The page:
Causes and Consequences of Political Violence

Eda Keremoglu-Waibler

Tuesdays, 13:30 - 15:00, D432

This course offers an introduction to the literature on political violence, with an emphasis on contemporary quantitative work. Particular attention is paid to civil wars, but other forms of political violence, such as interstate wars and electoral violence, are also covered. In an introductory step, the seminar addresses definitions and conceptual issues before proceeding along two broad dimensions: (i) What are potential causes of political violence? What role do economic, political, and ethnic factors play? (ii) What are the social, political, and economic consequences of political violence? The course engages with studies that focus on different levels of analysis (subnational, national, transnational) and on different actors (state, non-state).

Prerequisites: The course focuses on the quantitative empirical literature on political violence. Students should therefore have a good understanding of analytical research design and quantitative statistical methods.

Comparative Authoritarian Politics 

Eda Keremoglu-Waibler

Tuesdays, 17:00 - 18:30, C422

"[...] dictatorships are by far the most understudied area in comparative politics. We need to start thinking about it" (Przeworski 2003). The resilient number and variety of non-democratic regimes has led to a resurgence of theoretical approaches and empirical studies that revolve around authoritarian politics. This course provides a systematic overview of contemporary authoritarian research with a focus on quantitative studies and engages with four aspects in more detail. In an introductory step, the course addresses issues of conceptualizing and measuring autocracy: What is an authoritarian regime, how does it differ from a democratic one, and what types of autocracies can be distinguished? Second, the course engages with authoritarian resilience: How do authoritarian governments stay in power and which factors impede democratization? The third part deals with authoritarian performance: How do autocracies perform economically and socially and what explains (potential) differences? Lastly, how is authoritarian rule linked to violent conflict on the domestic and international level?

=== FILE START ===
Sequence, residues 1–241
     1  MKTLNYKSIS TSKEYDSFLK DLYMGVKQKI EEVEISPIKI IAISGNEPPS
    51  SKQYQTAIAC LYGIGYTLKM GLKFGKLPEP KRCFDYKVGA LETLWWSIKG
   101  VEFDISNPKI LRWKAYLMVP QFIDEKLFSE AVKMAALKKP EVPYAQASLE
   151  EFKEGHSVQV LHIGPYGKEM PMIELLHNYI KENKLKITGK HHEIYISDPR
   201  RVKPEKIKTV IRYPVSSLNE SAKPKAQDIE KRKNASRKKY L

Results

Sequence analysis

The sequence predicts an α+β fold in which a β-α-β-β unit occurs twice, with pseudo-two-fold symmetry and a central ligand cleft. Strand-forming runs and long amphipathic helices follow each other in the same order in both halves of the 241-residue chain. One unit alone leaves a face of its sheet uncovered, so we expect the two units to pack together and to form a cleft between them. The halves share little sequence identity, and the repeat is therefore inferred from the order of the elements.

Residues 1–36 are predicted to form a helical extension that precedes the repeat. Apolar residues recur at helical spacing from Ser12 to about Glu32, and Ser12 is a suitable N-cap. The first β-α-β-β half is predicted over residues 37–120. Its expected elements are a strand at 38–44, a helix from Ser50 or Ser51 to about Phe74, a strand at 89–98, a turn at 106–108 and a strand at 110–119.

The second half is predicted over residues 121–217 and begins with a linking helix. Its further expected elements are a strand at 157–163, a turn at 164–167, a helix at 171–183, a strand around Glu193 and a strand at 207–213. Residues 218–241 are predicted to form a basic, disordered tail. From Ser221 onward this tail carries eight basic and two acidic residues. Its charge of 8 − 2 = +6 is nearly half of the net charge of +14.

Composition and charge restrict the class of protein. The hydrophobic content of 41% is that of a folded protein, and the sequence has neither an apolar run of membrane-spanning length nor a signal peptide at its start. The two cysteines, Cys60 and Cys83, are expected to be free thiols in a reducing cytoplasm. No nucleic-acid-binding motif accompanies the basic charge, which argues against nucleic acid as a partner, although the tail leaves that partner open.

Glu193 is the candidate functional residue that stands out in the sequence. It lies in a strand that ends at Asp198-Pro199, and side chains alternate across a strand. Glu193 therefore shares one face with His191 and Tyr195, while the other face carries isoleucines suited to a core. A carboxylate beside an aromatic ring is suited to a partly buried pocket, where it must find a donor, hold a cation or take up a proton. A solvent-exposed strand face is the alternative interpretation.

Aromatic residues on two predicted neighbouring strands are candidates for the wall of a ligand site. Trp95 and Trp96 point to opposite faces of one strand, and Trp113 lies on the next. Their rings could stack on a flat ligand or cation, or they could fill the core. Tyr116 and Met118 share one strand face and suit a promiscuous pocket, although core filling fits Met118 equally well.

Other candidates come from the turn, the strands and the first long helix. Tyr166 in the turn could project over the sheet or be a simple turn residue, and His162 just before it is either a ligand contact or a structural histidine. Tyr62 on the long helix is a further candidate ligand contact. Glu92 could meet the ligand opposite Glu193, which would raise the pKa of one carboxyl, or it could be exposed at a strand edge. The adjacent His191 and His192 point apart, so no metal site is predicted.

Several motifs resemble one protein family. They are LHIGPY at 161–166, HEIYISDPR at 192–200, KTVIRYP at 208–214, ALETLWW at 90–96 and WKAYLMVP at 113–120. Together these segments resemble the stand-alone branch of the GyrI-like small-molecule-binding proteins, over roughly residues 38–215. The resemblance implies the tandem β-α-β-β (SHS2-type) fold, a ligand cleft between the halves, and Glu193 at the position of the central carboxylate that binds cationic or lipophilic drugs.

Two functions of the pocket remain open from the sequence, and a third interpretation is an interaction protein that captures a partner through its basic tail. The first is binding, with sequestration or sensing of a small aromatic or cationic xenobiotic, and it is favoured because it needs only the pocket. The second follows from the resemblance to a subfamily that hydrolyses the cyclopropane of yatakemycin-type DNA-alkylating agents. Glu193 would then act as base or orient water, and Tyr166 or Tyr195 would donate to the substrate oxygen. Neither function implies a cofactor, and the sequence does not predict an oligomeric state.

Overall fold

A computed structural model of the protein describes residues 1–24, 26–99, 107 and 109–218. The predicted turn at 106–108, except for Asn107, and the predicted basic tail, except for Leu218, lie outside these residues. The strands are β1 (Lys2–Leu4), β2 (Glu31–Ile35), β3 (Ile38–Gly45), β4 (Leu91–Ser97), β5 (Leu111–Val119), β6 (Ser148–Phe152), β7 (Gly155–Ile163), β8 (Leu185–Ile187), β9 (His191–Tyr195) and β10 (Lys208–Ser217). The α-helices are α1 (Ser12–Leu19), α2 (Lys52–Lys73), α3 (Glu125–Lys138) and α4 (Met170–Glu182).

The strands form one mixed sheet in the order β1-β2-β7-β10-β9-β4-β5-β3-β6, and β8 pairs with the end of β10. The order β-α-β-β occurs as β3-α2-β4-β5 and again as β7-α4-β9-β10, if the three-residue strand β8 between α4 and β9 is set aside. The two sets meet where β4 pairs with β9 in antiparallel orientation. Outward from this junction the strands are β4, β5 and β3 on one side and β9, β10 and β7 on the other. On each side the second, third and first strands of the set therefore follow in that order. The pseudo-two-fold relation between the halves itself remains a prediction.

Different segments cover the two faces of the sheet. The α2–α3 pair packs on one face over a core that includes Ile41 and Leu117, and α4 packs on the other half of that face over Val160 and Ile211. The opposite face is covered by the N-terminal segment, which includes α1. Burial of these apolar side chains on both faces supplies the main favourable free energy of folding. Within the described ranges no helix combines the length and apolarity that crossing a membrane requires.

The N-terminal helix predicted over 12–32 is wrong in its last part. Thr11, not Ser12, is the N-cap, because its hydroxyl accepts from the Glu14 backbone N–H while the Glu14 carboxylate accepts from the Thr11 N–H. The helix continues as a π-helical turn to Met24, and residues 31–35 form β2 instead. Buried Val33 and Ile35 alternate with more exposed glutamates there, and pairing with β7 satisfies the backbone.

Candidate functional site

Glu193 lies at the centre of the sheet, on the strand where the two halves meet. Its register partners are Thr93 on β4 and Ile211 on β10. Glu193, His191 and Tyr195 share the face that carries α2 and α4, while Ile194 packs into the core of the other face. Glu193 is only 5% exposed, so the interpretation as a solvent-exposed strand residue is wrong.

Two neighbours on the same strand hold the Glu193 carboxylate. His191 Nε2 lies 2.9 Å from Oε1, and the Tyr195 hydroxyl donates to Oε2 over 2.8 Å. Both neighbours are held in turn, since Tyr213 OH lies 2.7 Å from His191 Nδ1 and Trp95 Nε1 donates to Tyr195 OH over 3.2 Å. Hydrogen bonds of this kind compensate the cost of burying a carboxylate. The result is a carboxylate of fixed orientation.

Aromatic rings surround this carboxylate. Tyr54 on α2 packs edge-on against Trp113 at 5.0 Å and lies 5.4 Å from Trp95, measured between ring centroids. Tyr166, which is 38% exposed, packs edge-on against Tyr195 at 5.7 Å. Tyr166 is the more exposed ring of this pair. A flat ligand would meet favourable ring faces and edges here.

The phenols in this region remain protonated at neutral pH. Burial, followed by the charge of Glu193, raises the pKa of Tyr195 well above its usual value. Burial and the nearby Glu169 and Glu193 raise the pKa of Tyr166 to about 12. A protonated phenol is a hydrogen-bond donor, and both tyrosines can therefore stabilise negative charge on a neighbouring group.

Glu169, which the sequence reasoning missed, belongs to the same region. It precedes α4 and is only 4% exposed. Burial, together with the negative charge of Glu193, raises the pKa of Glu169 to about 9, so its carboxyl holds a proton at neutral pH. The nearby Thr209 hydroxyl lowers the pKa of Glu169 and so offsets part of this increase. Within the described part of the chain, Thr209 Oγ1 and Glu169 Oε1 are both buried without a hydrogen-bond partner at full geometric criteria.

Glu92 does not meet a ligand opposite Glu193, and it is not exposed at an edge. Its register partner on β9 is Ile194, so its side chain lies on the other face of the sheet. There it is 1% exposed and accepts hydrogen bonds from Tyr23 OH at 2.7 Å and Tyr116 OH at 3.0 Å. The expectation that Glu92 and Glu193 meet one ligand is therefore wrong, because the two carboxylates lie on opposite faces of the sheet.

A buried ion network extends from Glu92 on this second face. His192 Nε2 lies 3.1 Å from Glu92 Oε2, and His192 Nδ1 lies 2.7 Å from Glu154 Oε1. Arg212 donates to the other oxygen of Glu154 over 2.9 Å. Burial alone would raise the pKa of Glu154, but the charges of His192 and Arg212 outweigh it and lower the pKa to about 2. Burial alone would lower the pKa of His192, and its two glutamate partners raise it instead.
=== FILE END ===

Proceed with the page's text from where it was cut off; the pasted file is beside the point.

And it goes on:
Prerequisites: The course focuses on the contemporary literature on authoritarian politics and engages with quantitative empirical studies. Students should therefore have a good understanding of analytical research design and quantitative statistical methods.